Op-Ed: Second-guessing may do more harm than good — especially among doctors
You always remember the first patient who died on your watch. Mine was an older man with a faulty heart — the main pump had failed and his heart was beating irregularly and far too fast. We tried to slow it down with medications, but later that night, it suddenly stopped beating completely.
In the following months, I kept questioning if I should have done something differently. Whenever I would have a case like that one, I found myself second-guessing my clinical management. However, it turns out that thinking twice may actually cause more harm than good.
In a working paper, Emory University researchers found that when doctors delivering a baby have an adverse outcome, they are more likely to switch to a different delivery method with the next patient, often unnecessarily and sometimes with worse results. For instance, if a C-section didn’t go well, the doctors may be more likely to try a vaginal delivery with the next patient even if that isn’t the best choice.
The doctors overreacted to an emotional event, the delivery of a child that didn’t go well. But this phenomenon is not unique to medicine. Overreacting is a common hazard of everyday life.
A 2008 study by two Harvard University economists included many examples where the title of their paper — “Overreaction to Fearsome Risks” — holds true for broader society.
For instance, sensational headlines about shark attacks on humans in Florida in 2001 caused a panic and led the state to prohibit shark-feeding expeditions. Yet shark attacks had actually fallen that year and, according to the study, such a change was probably unnecessary given the minuscule risk of such an attack happening.
A similar outcry occurred after the 2001 anthrax scare in which anonymous letters laced with deadly anthrax spores began arriving at media and congressional offices. Even though only five people died from inhaling the anthrax, the U.S. government responded to the public’s fear by devoting significant resources to anthrax-fighting drugs and vaccines.
In the face of a “fearsome risk” people often exaggerate the benefits of preventive, risk-reducing measures.
Because doctors make so many decisions that have serious consequences, the fallout from second-guessing looms especially large for us. A bad outcome can mean the difference between life and death. Overreacting to that outcome can do even more harm.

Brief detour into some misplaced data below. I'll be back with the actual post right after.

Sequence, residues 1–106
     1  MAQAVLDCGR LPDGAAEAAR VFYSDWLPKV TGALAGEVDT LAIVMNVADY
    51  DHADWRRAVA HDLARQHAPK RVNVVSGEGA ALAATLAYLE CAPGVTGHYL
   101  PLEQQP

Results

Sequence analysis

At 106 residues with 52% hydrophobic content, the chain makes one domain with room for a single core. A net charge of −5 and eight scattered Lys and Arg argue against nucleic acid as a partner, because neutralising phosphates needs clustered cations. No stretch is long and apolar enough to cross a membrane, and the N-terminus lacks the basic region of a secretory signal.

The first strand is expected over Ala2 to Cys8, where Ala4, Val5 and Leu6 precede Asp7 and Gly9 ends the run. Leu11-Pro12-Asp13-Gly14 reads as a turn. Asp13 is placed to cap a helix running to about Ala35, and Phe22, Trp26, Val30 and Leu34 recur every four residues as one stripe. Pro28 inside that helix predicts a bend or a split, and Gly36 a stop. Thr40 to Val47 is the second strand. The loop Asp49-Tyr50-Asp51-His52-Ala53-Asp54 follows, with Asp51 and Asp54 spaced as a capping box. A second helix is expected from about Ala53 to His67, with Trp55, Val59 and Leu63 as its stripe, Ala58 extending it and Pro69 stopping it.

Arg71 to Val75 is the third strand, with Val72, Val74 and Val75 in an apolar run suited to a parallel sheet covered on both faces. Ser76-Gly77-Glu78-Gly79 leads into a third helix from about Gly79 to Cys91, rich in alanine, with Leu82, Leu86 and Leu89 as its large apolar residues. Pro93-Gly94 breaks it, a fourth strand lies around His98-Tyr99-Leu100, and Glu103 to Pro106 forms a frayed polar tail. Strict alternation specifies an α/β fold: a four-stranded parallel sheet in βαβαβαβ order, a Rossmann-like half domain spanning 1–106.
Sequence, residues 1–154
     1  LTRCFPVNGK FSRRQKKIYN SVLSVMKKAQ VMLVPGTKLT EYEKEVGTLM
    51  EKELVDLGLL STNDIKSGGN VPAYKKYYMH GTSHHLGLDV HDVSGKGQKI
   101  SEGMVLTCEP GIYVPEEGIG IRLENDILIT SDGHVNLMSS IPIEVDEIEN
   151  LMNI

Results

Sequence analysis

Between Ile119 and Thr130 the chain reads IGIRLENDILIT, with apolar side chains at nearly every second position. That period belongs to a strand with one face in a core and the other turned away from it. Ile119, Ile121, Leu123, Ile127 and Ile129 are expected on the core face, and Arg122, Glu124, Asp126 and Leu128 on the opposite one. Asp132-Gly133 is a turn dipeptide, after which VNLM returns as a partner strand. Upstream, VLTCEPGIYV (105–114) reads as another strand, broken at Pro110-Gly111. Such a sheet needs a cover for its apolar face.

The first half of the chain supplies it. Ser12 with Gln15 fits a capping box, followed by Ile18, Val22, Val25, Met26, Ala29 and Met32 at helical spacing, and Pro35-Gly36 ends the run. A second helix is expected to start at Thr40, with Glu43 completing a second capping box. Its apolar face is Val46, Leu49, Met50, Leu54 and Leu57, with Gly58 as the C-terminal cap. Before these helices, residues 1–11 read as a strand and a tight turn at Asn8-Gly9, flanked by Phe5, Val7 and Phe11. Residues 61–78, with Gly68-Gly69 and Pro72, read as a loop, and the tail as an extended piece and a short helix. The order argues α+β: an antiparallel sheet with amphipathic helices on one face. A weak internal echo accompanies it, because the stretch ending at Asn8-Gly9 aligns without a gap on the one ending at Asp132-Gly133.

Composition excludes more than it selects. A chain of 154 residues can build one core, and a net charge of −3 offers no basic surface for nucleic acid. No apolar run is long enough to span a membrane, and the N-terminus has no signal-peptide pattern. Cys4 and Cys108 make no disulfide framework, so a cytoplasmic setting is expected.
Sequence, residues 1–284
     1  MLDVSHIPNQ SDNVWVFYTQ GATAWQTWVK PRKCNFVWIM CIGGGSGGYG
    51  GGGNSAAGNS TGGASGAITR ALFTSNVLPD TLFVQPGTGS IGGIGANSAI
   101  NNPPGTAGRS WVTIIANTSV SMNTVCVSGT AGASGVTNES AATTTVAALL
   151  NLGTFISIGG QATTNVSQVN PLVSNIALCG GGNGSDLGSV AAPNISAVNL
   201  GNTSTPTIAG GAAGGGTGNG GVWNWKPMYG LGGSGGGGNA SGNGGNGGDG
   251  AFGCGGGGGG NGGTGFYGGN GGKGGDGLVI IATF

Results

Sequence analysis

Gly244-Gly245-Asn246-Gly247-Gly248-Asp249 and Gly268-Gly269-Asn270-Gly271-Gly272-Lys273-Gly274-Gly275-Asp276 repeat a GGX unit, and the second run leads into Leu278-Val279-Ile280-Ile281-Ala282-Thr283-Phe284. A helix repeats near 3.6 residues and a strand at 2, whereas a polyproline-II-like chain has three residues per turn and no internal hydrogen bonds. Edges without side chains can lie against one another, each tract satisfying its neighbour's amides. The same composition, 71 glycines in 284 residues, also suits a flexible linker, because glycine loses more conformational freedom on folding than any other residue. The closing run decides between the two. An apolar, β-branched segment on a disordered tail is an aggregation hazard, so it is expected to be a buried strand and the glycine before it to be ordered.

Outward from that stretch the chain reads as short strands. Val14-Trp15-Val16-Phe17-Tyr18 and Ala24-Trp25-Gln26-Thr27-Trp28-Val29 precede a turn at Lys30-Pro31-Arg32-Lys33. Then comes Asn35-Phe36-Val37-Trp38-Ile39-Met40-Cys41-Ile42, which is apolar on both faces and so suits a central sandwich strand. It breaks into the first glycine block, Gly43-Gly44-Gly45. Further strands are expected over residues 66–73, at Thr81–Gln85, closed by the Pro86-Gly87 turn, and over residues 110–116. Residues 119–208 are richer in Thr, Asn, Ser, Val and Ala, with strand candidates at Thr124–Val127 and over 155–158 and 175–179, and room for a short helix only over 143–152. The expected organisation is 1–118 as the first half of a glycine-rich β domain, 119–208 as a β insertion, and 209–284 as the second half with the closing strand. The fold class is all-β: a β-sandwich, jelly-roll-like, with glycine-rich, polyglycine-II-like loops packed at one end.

A 2006 study found that if a patient had a bleed after being prescribed warfarin, the physician was about 20% less likely to prescribe subsequent patients the blood thinner that prevents strokes. However, if a patient had a stroke and was not on warfarin, physicians were still no more likely to prescribe warfarin to their other patients.
These findings highlight interesting behavioral patterns in doctors. In the blood-thinner study, doctors were more affected by the act of doing harm (prescribing a blood thinner that ended up hurting a patient) and less affected by letting harm happen (not prescribing a blood thinner and the patient having a stroke). Yet a stroke is often more permanent and damaging than a bleed.
The choices doctors made regarding prescribing blood thinners are reminiscent of the “trolley problem,” a well-known ethics experiment that poses a dilemma: A runaway trolley will kill five people, unless you pull a lever that diverts it, causing it to kill one person but saving five. Most people say they would do it. But if they have to push one person in front of the trolley to make this happen, they won’t do it.
The problem shows how humans are averse to feeling like they directly caused harm — they are less bothered by the harm itself.
The onus shouldn’t necessarily be on physicians to make better decisions on their own, but on creating systems to help them do so. Doing so must be “balanced against the possibility that increasing bureaucratic barriers to care or making physicians more risk-averse might actually harm patients even more,” said Manasvini Singh, author of the study looking at decision-making for C-sections.
Several institutions are studying the problem, including University of Pennsylvania’s “Penn Medicine Nudge Unit” (literally designing ways to “nudge” physician behavior), with the goal of helping clinicians make the right decisions where they are most susceptible to making the wrong ones. Artificial intelligence and machine learning are also being used to try to solve the problem.
Problems in clinical care occur when we stray too far from what we know works. For example, VIP patients may receive worse care because the doctors caring for them give in to their requests and end up ordering unnecessary tests and interventions.
When we overthink, we fail to rely on thinking based on what we know or have experienced. Instead, we may inadvertently overanalyze and come to the wrong conclusion, such as doing a vaginal delivery when the patient should have a C-section.
Humans are susceptible to emotional and often irrational thinking when processing information, adverse events and mistakes. As much as we don’t want to cause an unfortunate event to recur — in a medical setting or in the wider world — we need to be aware that a worst-case scenario doesn’t necessarily mean we did anything wrong.
I have treated dozens of patients who presented with the same illnesses as my first patient, who died more than a year ago. Instead of second-guessing myself, I trusted my clinical instinct and stayed the course. Every one of those patients survived.
Abraar Karan is a medical doctor at Brigham and Women’s Hospital and a clinical fellow in medicine at Harvard Medical School. @AbraarKaran
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